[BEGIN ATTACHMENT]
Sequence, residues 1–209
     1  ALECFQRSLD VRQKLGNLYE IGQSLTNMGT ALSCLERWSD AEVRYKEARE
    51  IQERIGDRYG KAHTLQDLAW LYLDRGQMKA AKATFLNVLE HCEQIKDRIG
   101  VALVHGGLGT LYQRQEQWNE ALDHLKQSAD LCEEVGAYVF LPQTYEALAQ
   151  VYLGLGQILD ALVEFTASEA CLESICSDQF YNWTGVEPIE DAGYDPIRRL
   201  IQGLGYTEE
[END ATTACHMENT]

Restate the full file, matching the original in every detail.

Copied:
Sequence, residues 1–209
     1  ALECFQRSLD VRQKLGNLYE IGQSLTNMGT ALSCLERWSD AEVRYKEARE
    51  IQERIGDRYG KAHTLQDLAW LYLDRGQMKA AKATFLNVLE HCEQIKDRIG
   101  VALVHGGLGT LYQRQEQWNE ALDHLKQSAD LCEEVGAYVF LPQTYEALAQ
   151  VYLGLGQILD ALVEFTASEA CLESICSDQF YNWTGVEPIE DAGYDPIRRL
   201  IQGLGYTEE